Eating out is fun, but don't expect to have much conversation. Read More
I´m so glad to have found your column! I had a sudden partial hearing loss last fall and have found dining out to be very un-nerving. In fact, I recently had my first experience where, after having the cashier repeat himself 4 times, I realized I was simply not going to be able to understand him. Such an odd feeling. It was a restaurant with lots of ambient noise and lots of tile, glass and metal but no curtains, tablecoths, or carpet.
I can´t wait to try your tips! Especially about having my good ear facing the wall. It seems counter-intuitive. I am learing so much from reading your experiences. There is so much that I don´t know about hearing loss. It´s nice to have you as a sort of guide as I enter this new way of being. I can´t wait to read your new book!
I only recently realized that my irritability in large groups and noisy restaurants and stores stemmed from work-related hearing loss (I am only 24). I cannot pick out voices very well anymore, especially those with lower-range voices.
I can't wait to try out your tips to see if this can help offset some of my increasing hatred of going out!
New York now has inspection ratings - A through D. Why can't we also have noise ratings L/M/H?
Or how about Zagat's adding a 5th rating box for noise? Surely noise is as much a factor as Decor, which they already rate.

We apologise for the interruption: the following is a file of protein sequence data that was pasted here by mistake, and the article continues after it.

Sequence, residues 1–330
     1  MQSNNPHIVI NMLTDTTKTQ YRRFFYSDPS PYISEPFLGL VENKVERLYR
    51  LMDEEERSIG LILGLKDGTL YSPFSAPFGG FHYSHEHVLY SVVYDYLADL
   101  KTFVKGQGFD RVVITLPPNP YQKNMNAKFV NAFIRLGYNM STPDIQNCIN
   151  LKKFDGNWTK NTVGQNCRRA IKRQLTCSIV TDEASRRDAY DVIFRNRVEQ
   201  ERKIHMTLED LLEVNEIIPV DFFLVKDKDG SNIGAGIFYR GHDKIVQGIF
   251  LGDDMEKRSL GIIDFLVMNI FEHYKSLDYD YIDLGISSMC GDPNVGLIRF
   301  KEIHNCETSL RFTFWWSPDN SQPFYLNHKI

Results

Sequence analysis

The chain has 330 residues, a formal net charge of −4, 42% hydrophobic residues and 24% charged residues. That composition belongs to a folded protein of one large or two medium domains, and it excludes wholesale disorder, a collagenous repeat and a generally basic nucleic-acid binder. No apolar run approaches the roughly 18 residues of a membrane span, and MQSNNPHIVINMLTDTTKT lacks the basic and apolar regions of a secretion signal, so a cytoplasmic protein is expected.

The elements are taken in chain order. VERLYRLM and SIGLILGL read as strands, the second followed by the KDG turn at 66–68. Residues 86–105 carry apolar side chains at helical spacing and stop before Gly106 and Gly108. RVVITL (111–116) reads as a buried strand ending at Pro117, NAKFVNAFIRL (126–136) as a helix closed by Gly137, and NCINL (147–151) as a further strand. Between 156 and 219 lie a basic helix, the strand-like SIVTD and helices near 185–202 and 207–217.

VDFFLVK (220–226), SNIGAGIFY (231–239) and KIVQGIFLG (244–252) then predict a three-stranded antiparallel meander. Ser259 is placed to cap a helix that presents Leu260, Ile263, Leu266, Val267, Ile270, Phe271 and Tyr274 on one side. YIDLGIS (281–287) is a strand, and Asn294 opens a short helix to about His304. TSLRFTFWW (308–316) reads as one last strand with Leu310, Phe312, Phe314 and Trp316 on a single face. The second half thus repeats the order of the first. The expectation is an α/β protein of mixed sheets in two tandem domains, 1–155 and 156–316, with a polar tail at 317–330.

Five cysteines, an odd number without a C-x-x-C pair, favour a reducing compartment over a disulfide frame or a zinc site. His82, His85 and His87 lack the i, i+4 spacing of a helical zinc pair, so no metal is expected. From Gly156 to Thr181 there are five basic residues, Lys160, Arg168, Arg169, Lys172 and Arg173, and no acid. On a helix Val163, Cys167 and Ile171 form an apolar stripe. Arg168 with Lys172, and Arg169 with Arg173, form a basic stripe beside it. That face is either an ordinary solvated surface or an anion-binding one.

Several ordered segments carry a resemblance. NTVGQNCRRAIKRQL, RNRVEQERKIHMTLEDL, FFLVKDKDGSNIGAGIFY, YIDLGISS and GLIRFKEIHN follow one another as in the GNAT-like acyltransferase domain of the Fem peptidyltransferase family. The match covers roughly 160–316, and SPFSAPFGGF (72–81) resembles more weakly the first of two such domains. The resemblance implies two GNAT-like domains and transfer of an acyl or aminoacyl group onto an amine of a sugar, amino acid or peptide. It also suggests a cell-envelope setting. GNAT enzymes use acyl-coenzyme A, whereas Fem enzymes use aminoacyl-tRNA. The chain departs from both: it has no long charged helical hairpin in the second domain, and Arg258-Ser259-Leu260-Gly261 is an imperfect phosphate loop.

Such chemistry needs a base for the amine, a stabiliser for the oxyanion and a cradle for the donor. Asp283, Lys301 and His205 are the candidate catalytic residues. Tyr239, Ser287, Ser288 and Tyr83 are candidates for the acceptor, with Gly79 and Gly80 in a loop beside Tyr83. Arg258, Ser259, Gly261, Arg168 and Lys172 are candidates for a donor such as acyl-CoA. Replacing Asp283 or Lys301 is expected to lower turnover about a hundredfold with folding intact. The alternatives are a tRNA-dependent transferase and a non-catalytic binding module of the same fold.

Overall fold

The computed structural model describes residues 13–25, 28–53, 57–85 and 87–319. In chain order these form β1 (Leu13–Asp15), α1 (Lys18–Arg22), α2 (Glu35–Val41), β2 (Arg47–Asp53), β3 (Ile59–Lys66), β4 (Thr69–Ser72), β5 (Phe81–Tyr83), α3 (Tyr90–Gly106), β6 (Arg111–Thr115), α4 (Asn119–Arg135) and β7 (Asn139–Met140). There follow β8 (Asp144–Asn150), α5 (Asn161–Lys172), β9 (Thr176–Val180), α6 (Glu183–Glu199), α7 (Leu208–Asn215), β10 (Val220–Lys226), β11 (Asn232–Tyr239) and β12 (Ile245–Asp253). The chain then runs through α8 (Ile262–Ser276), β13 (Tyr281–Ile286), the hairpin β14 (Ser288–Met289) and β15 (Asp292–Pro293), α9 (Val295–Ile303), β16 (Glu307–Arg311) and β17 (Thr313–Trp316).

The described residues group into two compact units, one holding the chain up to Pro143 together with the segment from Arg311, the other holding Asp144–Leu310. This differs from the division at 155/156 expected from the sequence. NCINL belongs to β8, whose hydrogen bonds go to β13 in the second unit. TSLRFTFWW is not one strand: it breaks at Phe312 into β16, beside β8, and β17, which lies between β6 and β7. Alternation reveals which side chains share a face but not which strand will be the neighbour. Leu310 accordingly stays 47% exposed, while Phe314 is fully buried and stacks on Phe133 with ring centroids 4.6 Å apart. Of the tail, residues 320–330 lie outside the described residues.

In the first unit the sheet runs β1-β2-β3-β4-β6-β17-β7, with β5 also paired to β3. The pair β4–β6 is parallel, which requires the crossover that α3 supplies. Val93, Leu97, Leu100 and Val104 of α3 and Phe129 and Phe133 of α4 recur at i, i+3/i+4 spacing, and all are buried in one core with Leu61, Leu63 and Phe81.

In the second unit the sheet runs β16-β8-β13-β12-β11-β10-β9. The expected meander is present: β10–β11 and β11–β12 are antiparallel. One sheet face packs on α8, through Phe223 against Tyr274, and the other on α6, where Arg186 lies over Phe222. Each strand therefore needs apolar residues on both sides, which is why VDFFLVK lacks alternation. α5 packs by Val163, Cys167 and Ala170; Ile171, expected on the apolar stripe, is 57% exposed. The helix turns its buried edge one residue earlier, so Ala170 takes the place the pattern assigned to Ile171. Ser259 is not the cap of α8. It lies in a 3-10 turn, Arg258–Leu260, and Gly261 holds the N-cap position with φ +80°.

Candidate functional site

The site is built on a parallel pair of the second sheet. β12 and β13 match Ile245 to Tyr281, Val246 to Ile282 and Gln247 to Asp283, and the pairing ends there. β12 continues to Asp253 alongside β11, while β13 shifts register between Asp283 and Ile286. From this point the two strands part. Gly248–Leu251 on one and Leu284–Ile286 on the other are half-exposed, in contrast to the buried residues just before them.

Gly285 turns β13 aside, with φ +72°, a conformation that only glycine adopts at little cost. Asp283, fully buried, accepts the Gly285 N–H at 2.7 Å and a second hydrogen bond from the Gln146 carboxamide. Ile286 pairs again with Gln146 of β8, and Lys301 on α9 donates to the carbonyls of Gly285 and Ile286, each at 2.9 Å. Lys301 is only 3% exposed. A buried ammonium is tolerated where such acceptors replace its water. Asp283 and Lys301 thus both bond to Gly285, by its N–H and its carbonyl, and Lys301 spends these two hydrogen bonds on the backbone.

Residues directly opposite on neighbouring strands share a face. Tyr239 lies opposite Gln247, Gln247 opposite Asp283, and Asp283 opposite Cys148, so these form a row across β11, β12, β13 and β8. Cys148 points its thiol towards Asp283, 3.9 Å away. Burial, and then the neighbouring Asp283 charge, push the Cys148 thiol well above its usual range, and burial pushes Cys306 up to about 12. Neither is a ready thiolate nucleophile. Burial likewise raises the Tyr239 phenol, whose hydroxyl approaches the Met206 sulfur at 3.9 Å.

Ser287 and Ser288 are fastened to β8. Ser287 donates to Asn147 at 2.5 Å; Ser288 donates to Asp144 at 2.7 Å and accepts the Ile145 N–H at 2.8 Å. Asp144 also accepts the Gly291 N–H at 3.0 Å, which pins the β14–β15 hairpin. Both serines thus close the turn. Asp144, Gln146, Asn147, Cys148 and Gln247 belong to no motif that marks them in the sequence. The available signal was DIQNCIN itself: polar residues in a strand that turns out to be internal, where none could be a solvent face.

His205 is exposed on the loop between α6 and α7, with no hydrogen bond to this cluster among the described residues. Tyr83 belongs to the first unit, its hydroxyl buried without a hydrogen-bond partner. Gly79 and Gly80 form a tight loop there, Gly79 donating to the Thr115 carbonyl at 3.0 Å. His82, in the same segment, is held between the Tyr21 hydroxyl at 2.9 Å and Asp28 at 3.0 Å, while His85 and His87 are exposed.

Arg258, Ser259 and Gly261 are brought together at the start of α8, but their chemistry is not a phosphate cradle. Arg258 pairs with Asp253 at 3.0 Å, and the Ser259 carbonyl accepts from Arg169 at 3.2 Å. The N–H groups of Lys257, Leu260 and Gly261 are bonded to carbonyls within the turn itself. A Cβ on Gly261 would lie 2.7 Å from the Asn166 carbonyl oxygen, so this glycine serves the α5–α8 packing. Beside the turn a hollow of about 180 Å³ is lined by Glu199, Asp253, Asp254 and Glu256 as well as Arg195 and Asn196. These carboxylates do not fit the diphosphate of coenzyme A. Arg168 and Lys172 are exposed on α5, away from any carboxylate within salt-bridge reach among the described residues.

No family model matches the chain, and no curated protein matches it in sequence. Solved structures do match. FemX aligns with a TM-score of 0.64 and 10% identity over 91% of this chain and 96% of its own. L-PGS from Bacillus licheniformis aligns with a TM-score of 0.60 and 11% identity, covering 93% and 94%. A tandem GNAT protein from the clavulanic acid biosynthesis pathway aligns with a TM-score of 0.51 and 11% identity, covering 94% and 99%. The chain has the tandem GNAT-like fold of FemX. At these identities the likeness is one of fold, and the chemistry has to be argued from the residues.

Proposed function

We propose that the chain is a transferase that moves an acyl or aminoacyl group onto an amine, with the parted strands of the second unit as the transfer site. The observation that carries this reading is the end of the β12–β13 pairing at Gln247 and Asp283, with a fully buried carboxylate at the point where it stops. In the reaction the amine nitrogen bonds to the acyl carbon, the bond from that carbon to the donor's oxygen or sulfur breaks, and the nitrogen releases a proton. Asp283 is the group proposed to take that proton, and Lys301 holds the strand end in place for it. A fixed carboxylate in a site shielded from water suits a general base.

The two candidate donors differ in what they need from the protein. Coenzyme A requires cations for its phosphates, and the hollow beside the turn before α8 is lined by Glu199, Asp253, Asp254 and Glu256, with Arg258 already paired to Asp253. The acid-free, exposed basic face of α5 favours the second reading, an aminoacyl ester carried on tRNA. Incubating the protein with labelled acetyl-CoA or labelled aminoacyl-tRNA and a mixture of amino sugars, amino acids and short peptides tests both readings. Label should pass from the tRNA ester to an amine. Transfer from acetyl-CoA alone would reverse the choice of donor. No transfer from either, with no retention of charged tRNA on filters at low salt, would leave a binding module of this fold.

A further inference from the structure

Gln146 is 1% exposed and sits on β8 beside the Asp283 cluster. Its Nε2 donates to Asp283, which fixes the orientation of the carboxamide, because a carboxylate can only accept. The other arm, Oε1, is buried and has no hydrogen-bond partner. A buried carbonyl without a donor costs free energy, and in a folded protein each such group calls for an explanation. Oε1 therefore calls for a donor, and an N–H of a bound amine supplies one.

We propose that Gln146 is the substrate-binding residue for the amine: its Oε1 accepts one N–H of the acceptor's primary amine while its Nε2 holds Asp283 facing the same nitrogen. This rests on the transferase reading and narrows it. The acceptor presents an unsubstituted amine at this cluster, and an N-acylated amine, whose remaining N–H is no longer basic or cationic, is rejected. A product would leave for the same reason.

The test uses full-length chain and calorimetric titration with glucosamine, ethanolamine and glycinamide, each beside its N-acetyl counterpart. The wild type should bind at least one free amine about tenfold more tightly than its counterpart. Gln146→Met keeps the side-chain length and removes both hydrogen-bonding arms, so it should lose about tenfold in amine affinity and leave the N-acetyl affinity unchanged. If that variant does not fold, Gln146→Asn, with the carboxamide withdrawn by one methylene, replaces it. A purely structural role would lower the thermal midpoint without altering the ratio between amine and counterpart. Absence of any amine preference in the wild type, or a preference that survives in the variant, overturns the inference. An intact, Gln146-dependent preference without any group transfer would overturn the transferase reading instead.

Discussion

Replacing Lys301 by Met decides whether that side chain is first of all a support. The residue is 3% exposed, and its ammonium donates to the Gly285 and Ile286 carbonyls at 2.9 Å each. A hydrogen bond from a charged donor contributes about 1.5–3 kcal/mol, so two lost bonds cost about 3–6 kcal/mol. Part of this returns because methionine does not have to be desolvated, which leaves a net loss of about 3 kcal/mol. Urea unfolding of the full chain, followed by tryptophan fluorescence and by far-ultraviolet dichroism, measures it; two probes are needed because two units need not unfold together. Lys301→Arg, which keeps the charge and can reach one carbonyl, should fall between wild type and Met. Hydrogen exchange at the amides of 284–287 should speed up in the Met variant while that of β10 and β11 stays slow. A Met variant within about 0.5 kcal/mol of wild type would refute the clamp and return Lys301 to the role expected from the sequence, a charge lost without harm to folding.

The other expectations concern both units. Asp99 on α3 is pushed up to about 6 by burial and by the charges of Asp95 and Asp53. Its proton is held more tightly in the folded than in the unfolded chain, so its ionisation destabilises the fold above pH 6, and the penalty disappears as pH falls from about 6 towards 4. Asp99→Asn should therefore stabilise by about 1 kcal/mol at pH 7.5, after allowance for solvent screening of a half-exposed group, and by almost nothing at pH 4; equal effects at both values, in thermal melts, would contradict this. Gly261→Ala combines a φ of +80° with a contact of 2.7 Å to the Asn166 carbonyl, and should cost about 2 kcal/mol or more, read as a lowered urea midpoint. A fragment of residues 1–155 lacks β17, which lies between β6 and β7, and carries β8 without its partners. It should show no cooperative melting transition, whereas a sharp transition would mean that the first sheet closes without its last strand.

Great suggestion from Wendy.
A new Zagat category (noise is the #2 complaint to Zagat).
L (Loud), M (moderate), and Q (quiet).
Also a good idea about health department inspections. New York City does have noise ordinances, rarely enforced.
I like Loud, Medium and Quiet.
When the building across the street was under construction, I called 311 a number of times when work started before dawn. Although the information was taken down, there was no response and no follow up.
Then again, when the building was finished and people started moving in all at once, the moving vans, construction trucks, etc, would start idling at 5 in the morning. No luck again from 311, but I did walk over to the building's main desk. Got an apology, and the idling stopped. Gives me inspiration that something can be done about noise!
There are some very good apps for measuring sound levels and luminosity - for those of us who also have difficulty reading the menu in poorly lit restaurants.
For me the sound level is the reason I would not return to a restaurant. You have to be careful at what time the level is measured. Early evening might be fine but as the restaurant fills so level of background noise increases.
Katherine - really like the book.
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Katherine Bouton, a former editor at The New York Times, is the author of Shouting Won't Help: Why I—and 50 Million Other Americans—Can't Hear You.
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